Ringworm, or dermatophytosis is a fungal infection of the skin. A lot of people would assume that a ringworm is an actual worm, but that is not the case. In fact, the ringworm is a type of fungus which can spread from dogs to humans or vice versa.
A ringworm infection on your four-legged friend may simply look like a bald spot, with little inflammation or redness and may be itchy. Other times, it can be very red and itchy. There are various cases of the fungal infection. Sometimes it will get so severe that the infection can spread across the entire body, resulting in inflamed, scabby lesions. Pet owners must be aware as ringworm infections of the paws can lead to nail infections, where claws become brittle and broken.
You are probably wondering what causes ringworms. The fungus of the ringworm resides in the soil and a digging dog encounters it regularly. Ringworm transmission can also spread when your dog encounters an infected animal or its bedding, toys, clippers, and other equipment. Even food or water bowls can be infected!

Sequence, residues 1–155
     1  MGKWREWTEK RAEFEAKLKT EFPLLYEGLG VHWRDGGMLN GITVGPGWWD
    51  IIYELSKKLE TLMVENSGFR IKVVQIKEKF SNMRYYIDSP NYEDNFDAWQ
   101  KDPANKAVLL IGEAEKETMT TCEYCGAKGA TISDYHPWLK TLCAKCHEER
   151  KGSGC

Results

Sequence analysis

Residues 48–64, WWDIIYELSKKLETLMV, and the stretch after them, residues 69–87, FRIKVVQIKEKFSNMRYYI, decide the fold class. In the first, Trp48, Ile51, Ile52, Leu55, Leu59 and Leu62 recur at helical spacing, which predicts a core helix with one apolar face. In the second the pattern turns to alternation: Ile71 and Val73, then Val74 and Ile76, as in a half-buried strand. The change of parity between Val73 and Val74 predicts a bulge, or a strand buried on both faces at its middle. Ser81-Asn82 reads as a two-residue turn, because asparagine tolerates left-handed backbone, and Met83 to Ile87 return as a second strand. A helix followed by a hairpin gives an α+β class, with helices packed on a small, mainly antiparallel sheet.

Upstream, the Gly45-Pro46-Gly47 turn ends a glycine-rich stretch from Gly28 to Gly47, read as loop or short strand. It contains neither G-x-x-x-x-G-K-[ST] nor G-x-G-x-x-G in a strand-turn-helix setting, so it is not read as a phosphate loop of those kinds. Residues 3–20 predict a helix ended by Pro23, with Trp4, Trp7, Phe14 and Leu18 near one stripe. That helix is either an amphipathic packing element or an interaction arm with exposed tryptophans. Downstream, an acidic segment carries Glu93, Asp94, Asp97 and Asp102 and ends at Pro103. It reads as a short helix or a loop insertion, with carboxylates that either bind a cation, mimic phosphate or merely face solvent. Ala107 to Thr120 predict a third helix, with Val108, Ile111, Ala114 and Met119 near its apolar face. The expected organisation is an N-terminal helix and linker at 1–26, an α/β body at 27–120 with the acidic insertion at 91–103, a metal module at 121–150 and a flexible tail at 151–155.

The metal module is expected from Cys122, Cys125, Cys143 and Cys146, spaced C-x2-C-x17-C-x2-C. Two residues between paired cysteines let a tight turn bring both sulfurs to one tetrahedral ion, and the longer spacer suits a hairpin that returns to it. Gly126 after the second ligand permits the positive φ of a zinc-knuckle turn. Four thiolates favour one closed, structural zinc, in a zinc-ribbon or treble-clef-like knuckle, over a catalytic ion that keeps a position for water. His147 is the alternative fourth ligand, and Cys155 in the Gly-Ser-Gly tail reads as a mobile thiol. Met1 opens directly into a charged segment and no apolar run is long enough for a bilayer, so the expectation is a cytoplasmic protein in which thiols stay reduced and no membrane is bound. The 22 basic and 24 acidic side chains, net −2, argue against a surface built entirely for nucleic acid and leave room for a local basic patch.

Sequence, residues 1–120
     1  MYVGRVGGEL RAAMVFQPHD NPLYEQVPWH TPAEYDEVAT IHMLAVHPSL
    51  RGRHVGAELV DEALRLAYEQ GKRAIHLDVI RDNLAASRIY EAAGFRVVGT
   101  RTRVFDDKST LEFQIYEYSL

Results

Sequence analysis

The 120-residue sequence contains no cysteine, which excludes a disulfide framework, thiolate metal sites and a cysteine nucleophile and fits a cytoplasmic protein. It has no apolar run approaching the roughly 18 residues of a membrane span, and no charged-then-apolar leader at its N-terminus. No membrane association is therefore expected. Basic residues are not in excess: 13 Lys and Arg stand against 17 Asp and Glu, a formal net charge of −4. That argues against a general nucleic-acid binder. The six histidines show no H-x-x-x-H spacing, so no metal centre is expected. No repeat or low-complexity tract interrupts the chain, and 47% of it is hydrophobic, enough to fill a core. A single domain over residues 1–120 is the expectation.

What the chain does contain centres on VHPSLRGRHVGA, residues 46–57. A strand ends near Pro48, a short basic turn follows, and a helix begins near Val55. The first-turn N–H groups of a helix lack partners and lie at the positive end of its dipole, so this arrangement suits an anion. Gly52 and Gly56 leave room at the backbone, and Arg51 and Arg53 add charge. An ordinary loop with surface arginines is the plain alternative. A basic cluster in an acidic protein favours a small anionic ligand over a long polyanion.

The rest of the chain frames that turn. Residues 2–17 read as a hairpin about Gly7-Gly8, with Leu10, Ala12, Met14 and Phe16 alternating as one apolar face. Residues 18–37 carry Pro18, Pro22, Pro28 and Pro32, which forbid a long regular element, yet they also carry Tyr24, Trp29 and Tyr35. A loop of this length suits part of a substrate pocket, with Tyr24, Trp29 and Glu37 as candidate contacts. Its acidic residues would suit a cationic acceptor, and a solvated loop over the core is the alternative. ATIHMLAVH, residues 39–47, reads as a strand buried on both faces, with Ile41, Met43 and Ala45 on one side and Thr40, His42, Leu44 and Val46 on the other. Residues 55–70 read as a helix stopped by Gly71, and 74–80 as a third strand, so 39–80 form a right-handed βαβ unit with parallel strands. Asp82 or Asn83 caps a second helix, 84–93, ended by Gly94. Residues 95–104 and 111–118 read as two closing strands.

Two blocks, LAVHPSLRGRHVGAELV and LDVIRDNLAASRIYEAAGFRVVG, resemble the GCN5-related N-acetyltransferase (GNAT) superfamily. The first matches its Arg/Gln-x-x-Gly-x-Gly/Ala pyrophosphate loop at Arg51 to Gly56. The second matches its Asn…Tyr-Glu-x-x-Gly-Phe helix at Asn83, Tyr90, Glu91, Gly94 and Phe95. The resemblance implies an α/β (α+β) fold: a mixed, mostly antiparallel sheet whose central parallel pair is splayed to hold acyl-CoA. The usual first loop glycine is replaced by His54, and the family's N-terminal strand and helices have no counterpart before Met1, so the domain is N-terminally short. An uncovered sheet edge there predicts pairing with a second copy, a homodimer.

Treatment can depend on the level of severity. A quick test called the “Wood’s lamp examination” uses an ultraviolet light in a darkened room to see if the affected area will fluoresce. Other times, a fungal culture will be needed. Ringworm is a self-curing disease, but most dogs can be treated to shorten the course of the disease, and to minimize the spread to other animals and people. Pet owners will need to consult with their veterinarian. It is common for prescription oral medication and topical therapy to disinfect the hair coat.
It is sometimes impossible for you to prevent your dog from rolling around on the ground. However, pet owners can launder all dog beds and mats regularly in hot water ands detergent, be consistent in grooming, and vacuum common areas at least once a week. We hope that you are well aware of the ringworm infection and how to avoid and treat it. Further correspondence with your Veterinarian may be required depending on the level of severity.